Should You Try a Digital Detox?

Should You Try a Digital Detox? - Phizz

We’ve all been spending a lot more time at home, and for many of us, that means a lot more time screen time. As winter fully sets in, the idea of a digital fast seems both a bit daunting and a bit magical. Seeking more information on what the process is like, we turned to Max Lowery, the multi-hyphenate personal trainer, online coach, founder of 2MealDay, creator of Connect Retreats and devoted advocate of screen breaks.

Let’s start with the why of digital detox. You likely are already familiar with the constant pull to check your phone. Whether it’s email or social media that beckons you most, our devices can have a huge impact on our productivity, attention span and in some cases, our mental wellbeing. 

For Max, some of the biggest gains from his digital fasts include the amount he gets done in a day. One notification no longer leads down the rabbit hole of mindless scrolling. He also says he feels more present and able to remain “in the moment” with his environment and the people around him.

“Before I started digital fasting, if there were ever any time where I was alone in a public space, I would get my phone out and start scrolling,” he said. “I now use these times to try and practice mindfulness – the process of purposely bringing one’s attention to experiences occurring in the present moment. For me, this brings out a sense of calm and relaxation and can help prevent compulsive thoughts.”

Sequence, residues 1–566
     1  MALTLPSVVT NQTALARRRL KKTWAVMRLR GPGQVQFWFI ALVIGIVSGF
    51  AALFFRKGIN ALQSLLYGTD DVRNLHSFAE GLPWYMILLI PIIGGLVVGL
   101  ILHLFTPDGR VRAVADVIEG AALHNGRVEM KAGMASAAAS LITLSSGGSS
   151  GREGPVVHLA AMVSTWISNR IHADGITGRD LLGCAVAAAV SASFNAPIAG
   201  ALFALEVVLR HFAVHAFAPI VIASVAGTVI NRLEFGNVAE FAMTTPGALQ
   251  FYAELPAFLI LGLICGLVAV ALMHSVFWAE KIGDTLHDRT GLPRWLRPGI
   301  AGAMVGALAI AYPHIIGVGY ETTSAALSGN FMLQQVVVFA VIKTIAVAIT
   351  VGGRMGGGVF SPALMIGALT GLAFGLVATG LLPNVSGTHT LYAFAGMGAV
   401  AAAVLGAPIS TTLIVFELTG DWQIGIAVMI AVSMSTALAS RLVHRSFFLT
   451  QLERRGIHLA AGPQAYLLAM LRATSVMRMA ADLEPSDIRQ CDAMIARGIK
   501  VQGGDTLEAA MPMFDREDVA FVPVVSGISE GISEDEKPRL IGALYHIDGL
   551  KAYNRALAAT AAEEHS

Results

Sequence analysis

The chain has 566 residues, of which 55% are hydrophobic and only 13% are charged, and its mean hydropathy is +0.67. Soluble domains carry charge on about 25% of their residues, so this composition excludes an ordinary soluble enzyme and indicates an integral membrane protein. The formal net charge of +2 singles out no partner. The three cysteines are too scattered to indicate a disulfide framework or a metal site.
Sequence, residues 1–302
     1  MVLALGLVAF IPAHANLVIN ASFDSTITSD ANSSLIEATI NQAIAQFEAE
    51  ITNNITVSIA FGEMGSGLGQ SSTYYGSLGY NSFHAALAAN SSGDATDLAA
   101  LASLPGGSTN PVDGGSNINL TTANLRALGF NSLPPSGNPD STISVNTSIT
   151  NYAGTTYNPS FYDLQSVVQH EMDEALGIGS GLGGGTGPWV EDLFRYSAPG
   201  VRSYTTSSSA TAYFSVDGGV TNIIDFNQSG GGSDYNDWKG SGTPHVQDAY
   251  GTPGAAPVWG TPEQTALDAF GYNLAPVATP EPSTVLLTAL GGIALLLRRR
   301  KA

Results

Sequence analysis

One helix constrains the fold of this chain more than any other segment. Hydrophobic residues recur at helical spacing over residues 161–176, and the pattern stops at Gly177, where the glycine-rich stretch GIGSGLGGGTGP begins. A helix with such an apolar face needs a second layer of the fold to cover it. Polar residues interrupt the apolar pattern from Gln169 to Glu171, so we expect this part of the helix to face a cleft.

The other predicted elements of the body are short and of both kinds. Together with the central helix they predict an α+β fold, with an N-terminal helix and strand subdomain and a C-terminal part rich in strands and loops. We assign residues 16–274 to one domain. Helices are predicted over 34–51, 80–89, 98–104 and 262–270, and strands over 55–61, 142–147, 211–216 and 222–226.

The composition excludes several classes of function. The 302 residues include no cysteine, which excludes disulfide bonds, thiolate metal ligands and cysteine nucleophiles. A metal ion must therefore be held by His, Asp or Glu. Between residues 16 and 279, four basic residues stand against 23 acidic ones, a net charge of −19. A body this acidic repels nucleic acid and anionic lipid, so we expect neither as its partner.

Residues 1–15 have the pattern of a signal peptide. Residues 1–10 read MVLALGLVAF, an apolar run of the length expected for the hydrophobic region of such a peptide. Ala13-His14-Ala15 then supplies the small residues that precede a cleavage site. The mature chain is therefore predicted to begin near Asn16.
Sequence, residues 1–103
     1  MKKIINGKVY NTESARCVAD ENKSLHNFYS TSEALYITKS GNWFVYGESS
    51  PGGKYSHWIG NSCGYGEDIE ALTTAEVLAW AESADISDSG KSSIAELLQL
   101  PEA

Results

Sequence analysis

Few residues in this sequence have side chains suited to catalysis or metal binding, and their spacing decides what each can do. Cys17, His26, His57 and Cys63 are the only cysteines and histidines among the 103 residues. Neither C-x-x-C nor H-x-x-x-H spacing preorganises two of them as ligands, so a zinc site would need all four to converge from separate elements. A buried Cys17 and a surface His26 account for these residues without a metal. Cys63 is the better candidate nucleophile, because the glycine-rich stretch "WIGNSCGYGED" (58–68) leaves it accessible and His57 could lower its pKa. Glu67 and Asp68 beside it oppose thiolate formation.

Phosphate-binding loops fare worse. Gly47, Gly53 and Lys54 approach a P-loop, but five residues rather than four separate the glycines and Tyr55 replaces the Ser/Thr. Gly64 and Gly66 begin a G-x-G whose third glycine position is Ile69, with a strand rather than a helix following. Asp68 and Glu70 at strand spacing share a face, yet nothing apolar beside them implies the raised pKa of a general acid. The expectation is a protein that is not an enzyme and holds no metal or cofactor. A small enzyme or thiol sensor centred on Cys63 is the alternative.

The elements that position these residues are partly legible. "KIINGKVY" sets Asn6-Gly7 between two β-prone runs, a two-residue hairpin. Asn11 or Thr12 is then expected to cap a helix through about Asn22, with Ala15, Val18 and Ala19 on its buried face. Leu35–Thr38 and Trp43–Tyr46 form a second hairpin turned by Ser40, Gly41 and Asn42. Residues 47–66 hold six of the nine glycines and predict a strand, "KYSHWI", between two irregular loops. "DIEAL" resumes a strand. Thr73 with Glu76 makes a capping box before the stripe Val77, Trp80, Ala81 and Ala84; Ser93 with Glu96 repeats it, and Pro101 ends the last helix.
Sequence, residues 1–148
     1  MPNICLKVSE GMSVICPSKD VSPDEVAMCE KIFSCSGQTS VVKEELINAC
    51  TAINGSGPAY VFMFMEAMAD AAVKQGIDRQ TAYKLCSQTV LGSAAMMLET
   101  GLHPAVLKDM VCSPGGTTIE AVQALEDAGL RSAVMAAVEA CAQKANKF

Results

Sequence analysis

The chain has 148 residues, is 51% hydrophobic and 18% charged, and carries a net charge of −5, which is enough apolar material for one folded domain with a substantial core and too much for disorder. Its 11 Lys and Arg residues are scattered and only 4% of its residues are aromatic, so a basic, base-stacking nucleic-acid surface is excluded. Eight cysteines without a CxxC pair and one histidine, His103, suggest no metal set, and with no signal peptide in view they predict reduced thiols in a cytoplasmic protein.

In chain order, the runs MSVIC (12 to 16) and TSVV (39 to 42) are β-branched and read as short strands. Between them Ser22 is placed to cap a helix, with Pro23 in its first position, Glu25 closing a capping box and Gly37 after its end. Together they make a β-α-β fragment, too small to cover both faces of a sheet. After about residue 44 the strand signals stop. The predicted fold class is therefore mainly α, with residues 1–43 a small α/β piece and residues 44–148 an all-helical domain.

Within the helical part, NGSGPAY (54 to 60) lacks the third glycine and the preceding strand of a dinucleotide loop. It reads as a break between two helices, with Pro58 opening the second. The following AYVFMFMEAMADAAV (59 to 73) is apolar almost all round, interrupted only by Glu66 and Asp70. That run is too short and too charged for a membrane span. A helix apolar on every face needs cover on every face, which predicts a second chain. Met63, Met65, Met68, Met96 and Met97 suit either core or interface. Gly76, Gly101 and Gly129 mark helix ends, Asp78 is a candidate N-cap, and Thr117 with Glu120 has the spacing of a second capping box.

Also, Max sees a big improvement in his sleep. There are studies documenting the negative effects of blue light on sleep, and Max verifies that this is indeed a big one for him and refraining from pre-bedtime phone usage has been a game-changer.

Intrigued? Here is Max’s approach digital fasting can grow with you from initial steps to expert level extended breaks.

  1. Try turning off your notifications. “At the end of the day, if it’s REALLY important, they will call you. If it’s not, then it’s not worth being interrupted while you are catching up with a friend of working on a task.”
  2. Try the new Screen Time feature on your phone. “This will lock you out of certain apps at specific times. Tell yourself that you will not respond to work-related emails or calls before/after a particular time every day.”
  3. Team up to institute a no phone rule when spending time with friends. “It’s incredible how much of a difference this makes, you might be met with resistance at first, but persist in a non-aggressive way, challenge them to go for 1 hour without looking at their phone!”
  4. Get outside. “Going on a phoneless walk can be a great way to reduce stress and anxiety at the same time as improving physical fitness and connecting with the world around you. It’s one of my favourite things to do, and many of the guests on Connect Retreats decide to leave their phone behind on our three-day hike.”
  5. Go easy on yourself. “Don’t make this another thing to feel guilty about. If you set yourself the goal of not using your phone on the weekend, but give in and use it after 24 hours, then move on. Don’t feel guilty about it. The goal is to improve your relationship with your phone, not put extra pressure and guilt on you.” 

Whether you try these tips for evenings, full weekends or extended breaks, there’s much to be gained from taking a break from the constant connection.

Want to learn more? Max gives great advice as a personal trainer and online coach. You can reach him via his website or @max.lowery. For more info on an unplugged getaway of your own, check out